Articles | Volume 16, issue 3
Atmos. Chem. Phys., 16, 1479–1489, 2016

Special issue: The Geoengineering Model Intercomparison Project (GeoMIP):...

Atmos. Chem. Phys., 16, 1479–1489, 2016

Research article 10 Feb 2016

Research article | 10 Feb 2016

Stratospheric sulfate geoengineering could enhance the terrestrial photosynthesis rate

L. Xia et al.


Interactive discussion

Status: closed
Status: closed
AC: Author comment | RC: Referee comment | SC: Short comment | EC: Editor comment
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Peer-review completion

AR: Author's response | RR: Referee report | ED: Editor decision
AR by Anna Wenzel on behalf of the Authors (21 Jan 2016)  Author's response
ED: Publish as is (21 Jan 2016) by Ben Kravitz

The requested paper has a corresponding corrigendum published. Please read the corrigendum first before downloading the article.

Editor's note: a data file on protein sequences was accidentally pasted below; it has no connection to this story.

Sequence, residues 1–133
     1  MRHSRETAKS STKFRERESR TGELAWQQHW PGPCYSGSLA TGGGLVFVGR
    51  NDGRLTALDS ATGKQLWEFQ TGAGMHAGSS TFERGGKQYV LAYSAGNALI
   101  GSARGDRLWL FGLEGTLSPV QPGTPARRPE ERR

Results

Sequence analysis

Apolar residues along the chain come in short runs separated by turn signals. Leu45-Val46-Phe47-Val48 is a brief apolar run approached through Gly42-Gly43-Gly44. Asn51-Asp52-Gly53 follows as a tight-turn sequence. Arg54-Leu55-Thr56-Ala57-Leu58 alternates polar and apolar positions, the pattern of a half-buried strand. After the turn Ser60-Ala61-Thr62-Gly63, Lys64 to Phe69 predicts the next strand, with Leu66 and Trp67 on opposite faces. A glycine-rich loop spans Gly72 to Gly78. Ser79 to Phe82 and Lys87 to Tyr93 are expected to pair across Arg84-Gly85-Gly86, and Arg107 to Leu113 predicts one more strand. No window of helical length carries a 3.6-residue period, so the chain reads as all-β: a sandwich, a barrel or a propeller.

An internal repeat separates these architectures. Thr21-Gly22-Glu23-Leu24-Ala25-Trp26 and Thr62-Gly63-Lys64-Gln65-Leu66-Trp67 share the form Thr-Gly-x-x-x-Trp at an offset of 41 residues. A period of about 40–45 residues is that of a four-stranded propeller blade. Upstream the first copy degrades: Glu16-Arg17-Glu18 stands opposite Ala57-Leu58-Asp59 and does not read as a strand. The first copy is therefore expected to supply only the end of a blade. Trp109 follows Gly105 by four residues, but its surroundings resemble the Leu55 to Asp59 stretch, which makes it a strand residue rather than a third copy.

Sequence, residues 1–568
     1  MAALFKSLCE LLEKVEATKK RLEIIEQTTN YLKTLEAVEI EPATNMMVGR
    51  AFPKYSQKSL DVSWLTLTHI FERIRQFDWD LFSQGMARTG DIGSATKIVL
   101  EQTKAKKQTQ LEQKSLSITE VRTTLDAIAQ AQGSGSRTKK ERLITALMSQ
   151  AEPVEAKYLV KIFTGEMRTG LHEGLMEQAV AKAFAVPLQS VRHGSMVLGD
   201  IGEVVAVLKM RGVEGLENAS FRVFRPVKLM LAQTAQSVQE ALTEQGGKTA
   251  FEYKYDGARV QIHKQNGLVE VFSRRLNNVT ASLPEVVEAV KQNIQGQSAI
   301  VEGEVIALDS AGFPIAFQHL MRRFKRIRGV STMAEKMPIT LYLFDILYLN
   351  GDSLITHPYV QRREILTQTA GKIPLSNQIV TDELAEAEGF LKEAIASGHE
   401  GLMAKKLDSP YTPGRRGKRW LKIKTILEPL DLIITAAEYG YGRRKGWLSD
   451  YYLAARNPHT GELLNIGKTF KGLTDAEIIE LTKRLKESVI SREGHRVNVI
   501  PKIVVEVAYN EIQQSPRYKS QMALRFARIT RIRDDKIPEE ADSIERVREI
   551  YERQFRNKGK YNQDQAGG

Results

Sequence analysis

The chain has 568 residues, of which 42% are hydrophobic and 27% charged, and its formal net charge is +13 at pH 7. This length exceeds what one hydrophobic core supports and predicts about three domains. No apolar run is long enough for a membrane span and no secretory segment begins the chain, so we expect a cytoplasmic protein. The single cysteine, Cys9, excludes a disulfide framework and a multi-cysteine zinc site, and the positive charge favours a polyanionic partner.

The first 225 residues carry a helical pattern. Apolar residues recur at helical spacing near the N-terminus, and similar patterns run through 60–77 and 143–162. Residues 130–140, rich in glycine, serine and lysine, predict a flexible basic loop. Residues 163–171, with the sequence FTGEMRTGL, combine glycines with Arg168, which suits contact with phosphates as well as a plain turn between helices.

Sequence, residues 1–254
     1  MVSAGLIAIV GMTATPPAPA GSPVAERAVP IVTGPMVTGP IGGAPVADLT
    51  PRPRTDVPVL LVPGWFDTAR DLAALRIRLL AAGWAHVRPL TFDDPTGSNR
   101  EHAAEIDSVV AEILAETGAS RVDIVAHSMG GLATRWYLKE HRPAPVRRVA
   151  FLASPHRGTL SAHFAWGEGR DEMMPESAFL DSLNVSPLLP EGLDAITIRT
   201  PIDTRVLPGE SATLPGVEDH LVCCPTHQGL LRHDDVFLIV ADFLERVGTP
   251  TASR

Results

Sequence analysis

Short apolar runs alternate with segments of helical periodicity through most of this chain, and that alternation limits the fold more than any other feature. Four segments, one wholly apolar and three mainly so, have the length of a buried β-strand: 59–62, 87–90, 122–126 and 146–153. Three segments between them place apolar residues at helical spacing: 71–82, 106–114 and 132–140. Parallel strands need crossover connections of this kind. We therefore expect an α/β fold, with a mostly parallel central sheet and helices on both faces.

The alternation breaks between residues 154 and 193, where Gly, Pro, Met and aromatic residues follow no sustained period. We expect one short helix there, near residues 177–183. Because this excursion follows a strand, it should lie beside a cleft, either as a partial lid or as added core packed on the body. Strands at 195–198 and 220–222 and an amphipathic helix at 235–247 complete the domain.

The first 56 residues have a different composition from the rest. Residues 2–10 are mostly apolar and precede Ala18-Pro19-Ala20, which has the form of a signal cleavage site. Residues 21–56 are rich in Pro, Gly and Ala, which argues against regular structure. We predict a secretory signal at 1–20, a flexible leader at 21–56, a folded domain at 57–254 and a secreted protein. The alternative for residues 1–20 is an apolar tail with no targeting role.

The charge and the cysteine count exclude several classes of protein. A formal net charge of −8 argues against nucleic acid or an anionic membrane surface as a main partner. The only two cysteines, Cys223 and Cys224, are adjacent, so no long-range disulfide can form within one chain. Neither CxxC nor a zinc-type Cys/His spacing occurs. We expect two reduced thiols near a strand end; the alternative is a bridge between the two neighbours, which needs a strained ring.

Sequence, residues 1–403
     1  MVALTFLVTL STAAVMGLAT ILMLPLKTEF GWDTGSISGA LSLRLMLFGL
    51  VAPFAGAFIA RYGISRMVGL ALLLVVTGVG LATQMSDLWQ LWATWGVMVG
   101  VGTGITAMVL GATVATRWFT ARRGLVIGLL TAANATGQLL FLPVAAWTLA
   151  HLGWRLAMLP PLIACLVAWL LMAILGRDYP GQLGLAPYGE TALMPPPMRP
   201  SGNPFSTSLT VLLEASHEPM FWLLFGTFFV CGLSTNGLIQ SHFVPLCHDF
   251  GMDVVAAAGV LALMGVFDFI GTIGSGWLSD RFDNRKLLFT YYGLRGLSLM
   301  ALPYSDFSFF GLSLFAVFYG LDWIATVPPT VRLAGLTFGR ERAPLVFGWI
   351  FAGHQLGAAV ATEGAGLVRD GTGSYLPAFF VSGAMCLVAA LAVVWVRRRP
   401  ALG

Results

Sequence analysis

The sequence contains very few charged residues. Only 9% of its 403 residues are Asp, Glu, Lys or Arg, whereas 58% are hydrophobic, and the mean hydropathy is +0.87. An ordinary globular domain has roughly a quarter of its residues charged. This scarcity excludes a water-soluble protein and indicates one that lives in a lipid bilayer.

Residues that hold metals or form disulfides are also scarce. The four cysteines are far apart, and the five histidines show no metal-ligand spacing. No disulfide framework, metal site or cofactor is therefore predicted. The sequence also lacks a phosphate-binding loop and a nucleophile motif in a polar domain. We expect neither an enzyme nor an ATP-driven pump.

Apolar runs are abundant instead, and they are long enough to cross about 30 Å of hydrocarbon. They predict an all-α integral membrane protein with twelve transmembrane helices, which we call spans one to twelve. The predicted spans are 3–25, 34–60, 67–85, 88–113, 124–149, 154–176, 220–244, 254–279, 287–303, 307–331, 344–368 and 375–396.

Short summary
Climate model simulations show that stratospheric sulfate geoengineering could impact the terrestrial carbon cycle by enhancing the carbon sink. Enhanced downward diffuse radiation, combined with cooling, could stimulate plants to grow more and absorb more carbon dioxide. This beneficial impact of stratospheric sulfate geoengineering would need to be balanced by a large number of potential risks in any future decisions about implementation of geoengineering.
Final-revised paper